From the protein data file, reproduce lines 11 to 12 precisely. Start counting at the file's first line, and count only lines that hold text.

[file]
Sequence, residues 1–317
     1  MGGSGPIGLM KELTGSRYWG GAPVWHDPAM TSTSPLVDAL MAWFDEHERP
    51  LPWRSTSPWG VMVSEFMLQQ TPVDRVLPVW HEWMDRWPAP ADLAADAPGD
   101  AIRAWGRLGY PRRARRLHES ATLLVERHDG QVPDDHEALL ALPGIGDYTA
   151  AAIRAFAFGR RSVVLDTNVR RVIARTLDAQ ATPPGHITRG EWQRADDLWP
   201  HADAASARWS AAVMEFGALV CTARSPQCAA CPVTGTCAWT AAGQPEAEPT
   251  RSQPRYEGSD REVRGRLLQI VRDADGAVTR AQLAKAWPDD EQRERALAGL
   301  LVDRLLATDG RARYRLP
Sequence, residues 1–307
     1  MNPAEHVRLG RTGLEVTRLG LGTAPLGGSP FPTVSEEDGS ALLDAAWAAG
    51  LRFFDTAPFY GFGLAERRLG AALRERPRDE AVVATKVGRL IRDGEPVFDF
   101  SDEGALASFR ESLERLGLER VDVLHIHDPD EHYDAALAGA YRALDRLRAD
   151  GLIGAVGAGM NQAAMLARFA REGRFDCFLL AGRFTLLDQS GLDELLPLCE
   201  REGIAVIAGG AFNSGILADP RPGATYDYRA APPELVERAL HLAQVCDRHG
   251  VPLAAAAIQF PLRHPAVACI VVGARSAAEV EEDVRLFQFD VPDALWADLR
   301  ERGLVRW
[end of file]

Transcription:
    51  LRFFDTAPFY GFGLAERRLG AALRERPRDE AVVATKVGRL IRDGEPVFDF
   101  SDEGALASFR ESLERLGLER VDVLHIHDPD EHYDAALAGA YRALDRLRAD